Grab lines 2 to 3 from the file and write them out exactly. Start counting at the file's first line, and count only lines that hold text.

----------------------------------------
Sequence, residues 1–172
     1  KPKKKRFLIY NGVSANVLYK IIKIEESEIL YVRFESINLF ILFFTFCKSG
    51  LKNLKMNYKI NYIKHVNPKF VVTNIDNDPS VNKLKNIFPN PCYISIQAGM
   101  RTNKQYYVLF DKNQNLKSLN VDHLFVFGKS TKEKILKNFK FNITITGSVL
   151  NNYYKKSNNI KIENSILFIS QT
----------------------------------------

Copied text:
     1  KPKKKRFLIY NGVSANVLYK IIKIEESEIL YVRFESINLF ILFFTFCKSG
    51  LKNLKMNYKI NYIKHVNPKF VVTNIDNDPS VNKLKNIFPN PCYISIQAGM